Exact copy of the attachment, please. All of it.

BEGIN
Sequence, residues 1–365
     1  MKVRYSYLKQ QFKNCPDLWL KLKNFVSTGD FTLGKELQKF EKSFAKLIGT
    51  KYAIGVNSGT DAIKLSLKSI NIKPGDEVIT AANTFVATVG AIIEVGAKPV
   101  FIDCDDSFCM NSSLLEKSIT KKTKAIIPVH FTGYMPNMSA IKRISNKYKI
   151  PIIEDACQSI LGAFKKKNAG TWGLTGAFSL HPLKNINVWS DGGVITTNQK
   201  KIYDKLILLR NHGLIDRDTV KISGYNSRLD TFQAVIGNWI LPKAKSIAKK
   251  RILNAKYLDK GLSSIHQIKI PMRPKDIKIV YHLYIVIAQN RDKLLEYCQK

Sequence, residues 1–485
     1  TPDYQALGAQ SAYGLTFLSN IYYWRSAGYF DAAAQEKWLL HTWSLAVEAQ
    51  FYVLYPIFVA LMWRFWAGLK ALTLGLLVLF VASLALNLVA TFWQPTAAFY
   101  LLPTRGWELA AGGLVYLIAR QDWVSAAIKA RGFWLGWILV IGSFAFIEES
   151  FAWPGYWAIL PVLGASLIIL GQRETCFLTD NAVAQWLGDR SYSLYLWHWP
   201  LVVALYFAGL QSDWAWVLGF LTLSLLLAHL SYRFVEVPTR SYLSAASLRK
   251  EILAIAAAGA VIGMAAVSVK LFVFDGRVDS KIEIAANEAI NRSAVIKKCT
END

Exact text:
Sequence, residues 1–365
     1  MKVRYSYLKQ QFKNCPDLWL KLKNFVSTGD FTLGKELQKF EKSFAKLIGT
    51  KYAIGVNSGT DAIKLSLKSI NIKPGDEVIT AANTFVATVG AIIEVGAKPV
   101  FIDCDDSFCM NSSLLEKSIT KKTKAIIPVH FTGYMPNMSA IKRISNKYKI
   151  PIIEDACQSI LGAFKKKNAG TWGLTGAFSL HPLKNINVWS DGGVITTNQK
   201  KIYDKLILLR NHGLIDRDTV KISGYNSRLD TFQAVIGNWI LPKAKSIAKK
   251  RILNAKYLDK GLSSIHQIKI PMRPKDIKIV YHLYIVIAQN RDKLLEYCQK

Sequence, residues 1–485
     1  TPDYQALGAQ SAYGLTFLSN IYYWRSAGYF DAAAQEKWLL HTWSLAVEAQ
    51  FYVLYPIFVA LMWRFWAGLK ALTLGLLVLF VASLALNLVA TFWQPTAAFY
   101  LLPTRGWELA AGGLVYLIAR QDWVSAAIKA RGFWLGWILV IGSFAFIEES
   151  FAWPGYWAIL PVLGASLIIL GQRETCFLTD NAVAQWLGDR SYSLYLWHWP
   201  LVVALYFAGL QSDWAWVLGF LTLSLLLAHL SYRFVEVPTR SYLSAASLRK
   251  EILAIAAAGA VIGMAAVSVK LFVFDGRVDS KIEIAANEAI NRSAVIKKCT